EXPORTERS of beef, lamb, seafood and a range of other perishable food items destined for the China market are being asked to supply declarations supporting the COVID-19 safety of their shipments.
Trade sources believe the root cause of the request may be the spate of COVID-19 sickness that has occurred in meat processing plants around the world since the pandemic set in in April.
Health authorities say there is no suggestion that COVID-19 can be transmitted through chilled or frozen meat, or indeed any foodstuff.
A recent COVID-19 outbreak in a Beijing wholesale meat market may also have contributed to the request from Chinese authorities. While imported salmon was the original suspect, no evidence of COVID-19 has been found in samples, and focus is now on the staff at the Beijing market.
Chinese authorities have since tested more than 50,000 samples of imported meats and seafoods of various sorts, without finding a single positive swab for COVID. Such testing has created delays in the distribution of perishable meats, however.
While the COVID-free declarations are voluntary at this stage, some exporters told Beef Central they were complying with the request, because it helped avoid long product sample testing delays in China on arrival.
“If you have a declaration letter, your product is less likely to be tested,” one trade contact said.
“It’s not that anyone is worried about getting a positive test result – it’s all about the potential delay caused by the wait for test results to come back,” he said.
Meat exporters in North America and elsewhere are also being asked to furnish similar COVID declarations. Some processing plants in North and South America, and Europe that have suffered COVID outbreaks among staff have apparently voluntarily suspended themselves from China supply list as a precaution, Beef Central was told.
The declarations being sought by China authorities are described as being ‘easy to comply with’ for Australian processors, who go ‘well beyond’ the steps asked for in the steps outlined by the World Health Organisation.
“In reality, the declaration being sought by China is easy for any Australian exporter to comply with,” a trade source said.
Being voluntary, it is unknown how many consignments of Australian red meat are now being sent to China with COVID declarations.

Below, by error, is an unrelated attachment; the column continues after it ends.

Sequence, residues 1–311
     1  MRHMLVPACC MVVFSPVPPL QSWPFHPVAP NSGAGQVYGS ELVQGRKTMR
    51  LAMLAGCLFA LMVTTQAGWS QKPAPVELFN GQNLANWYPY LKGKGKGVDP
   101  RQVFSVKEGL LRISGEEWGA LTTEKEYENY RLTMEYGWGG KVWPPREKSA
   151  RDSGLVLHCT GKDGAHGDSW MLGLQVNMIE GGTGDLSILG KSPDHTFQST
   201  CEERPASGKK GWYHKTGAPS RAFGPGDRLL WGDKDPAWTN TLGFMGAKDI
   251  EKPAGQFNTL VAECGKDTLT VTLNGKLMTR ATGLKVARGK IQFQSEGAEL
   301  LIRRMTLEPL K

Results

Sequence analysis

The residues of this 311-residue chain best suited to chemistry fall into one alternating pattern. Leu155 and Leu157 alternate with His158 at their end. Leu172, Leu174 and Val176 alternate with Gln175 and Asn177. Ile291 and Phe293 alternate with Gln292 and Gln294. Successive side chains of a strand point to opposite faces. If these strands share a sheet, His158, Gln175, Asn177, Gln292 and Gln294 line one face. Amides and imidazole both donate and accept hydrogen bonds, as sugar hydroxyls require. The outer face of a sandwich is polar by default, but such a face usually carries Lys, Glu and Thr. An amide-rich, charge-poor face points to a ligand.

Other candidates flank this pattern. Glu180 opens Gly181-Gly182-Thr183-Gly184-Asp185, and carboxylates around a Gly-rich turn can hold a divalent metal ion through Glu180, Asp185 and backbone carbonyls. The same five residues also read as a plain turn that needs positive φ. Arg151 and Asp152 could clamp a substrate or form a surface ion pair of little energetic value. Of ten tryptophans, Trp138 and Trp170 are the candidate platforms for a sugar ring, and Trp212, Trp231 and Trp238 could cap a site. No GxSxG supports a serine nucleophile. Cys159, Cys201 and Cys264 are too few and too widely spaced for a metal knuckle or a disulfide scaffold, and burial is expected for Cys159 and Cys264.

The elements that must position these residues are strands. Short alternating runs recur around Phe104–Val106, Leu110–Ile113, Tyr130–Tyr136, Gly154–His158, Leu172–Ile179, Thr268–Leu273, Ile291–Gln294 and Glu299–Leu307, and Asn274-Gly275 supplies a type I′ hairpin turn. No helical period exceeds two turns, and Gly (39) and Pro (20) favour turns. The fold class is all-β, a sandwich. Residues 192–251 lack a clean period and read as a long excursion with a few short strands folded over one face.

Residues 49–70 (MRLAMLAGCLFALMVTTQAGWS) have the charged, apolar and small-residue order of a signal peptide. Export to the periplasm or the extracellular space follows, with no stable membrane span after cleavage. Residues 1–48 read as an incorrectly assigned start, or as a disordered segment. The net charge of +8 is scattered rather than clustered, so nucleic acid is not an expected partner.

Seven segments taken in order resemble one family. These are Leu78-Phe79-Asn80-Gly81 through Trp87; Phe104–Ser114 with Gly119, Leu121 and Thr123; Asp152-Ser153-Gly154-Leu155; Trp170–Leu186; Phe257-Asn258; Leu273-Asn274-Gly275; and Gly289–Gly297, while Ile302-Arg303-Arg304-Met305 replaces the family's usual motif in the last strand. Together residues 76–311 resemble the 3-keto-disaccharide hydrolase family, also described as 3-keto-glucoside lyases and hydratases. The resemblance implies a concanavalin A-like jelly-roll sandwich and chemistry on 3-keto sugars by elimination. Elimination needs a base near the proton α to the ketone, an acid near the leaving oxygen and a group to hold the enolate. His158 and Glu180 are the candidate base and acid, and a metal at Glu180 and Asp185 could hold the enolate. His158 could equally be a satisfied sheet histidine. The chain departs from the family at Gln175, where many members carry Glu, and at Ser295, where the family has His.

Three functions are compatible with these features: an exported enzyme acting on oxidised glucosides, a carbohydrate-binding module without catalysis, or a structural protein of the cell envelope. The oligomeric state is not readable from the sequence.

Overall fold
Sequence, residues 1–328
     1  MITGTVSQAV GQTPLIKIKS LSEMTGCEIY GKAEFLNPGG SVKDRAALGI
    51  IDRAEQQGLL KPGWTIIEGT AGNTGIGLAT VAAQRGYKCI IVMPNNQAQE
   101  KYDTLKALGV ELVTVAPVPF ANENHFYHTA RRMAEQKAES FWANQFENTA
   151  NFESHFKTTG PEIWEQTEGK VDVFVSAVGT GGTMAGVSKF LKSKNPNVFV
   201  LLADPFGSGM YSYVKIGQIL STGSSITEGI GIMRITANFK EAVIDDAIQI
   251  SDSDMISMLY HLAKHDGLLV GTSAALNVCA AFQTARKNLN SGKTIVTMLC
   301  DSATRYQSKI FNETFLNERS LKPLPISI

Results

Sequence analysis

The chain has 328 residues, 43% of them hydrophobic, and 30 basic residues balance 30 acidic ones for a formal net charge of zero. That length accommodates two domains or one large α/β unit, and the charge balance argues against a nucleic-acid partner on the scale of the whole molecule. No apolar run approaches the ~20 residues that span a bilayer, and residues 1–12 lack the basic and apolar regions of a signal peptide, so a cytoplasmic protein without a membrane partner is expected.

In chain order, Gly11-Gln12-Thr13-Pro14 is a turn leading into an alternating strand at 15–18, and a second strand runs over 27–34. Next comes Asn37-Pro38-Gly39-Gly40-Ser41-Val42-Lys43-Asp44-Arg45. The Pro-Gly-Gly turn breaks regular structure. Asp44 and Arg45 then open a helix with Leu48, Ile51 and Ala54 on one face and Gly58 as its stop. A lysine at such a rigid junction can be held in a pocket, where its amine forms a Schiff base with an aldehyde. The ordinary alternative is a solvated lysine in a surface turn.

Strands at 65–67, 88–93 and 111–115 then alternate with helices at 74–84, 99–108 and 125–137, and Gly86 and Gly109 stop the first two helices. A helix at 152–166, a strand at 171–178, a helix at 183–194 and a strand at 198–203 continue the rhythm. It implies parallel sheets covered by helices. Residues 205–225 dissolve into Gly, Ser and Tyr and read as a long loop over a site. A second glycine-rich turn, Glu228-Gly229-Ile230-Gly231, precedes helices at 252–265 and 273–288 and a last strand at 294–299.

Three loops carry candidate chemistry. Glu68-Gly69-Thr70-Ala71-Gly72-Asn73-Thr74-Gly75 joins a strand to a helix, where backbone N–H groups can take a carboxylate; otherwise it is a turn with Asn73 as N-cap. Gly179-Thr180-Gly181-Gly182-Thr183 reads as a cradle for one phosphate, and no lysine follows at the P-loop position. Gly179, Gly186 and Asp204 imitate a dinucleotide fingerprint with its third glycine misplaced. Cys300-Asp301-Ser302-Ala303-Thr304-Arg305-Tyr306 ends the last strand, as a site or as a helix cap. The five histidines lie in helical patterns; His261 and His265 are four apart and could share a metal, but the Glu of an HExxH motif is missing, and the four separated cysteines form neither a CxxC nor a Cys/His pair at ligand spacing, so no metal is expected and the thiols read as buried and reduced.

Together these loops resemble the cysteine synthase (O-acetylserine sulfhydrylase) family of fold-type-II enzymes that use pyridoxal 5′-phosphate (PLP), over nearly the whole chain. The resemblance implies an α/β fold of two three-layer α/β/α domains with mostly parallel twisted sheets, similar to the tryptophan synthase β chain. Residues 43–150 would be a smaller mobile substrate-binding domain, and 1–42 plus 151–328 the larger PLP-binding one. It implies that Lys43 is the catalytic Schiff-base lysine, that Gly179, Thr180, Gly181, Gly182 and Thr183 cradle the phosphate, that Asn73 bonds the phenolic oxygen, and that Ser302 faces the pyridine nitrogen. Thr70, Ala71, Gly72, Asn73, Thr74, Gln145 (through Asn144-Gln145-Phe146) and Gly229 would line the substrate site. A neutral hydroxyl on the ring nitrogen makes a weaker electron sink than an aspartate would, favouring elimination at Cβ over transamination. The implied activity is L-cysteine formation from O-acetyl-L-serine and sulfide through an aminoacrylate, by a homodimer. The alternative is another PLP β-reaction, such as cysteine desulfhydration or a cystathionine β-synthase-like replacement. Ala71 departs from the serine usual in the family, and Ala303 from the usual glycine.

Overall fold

US meat exporters have also discussed China’s requests for COVID-19 related product statements this week.
“Global suppliers of a wide variety of meats, seafood and other foodstuffs are being asked by their Chinese importers to provide a document attesting that products shipped to China are not contaminated with COVID-19, and that establishments follow Chinese regulations and FAO-WHO interim guidance on COVID mitigation and food safety,” the US Meat Export Federation advised members.
“USDA has stated that they will not discourage exporters from providing COVID-19 statements if it is in their commercial best interests. While it remains unclear whether providing the document will have an impact on product clearance, or on the risk of a plant being suspended, USDA understands that companies may need to take necessary measures to protect their business interests,” USMEF said.
Direct communication between the US government and China’s General Administration of Customs (GACC) is expected to take place soon on this issue.
USMEF did not anticipate any changes to the export requirements for China outlined in the FSIS Export Library, though the library may be updated to reflect the status of individual plants if they are suspended, it said.
To date, it appears that since this issue surfaced, imports have been suspended from five processing establishments where workers have recently tested positive for COVID-19: one US poultry plant, one pork plant in Germany, one pork plant and one poultry plant in the UK and one beef plant in Brazil.
In some cases, the suspension is being reported by GACC as a voluntary measure taken by the exporting company, and communicated by officials from that country to GACC.
The International Meat Secretariat issued a statement to GACC, emphasising that according to the Food and Agriculture Organisation and the World Health Organisation, there was no evidence to date of viruses causing respiratory illnesses being transmitted via food or food packaging.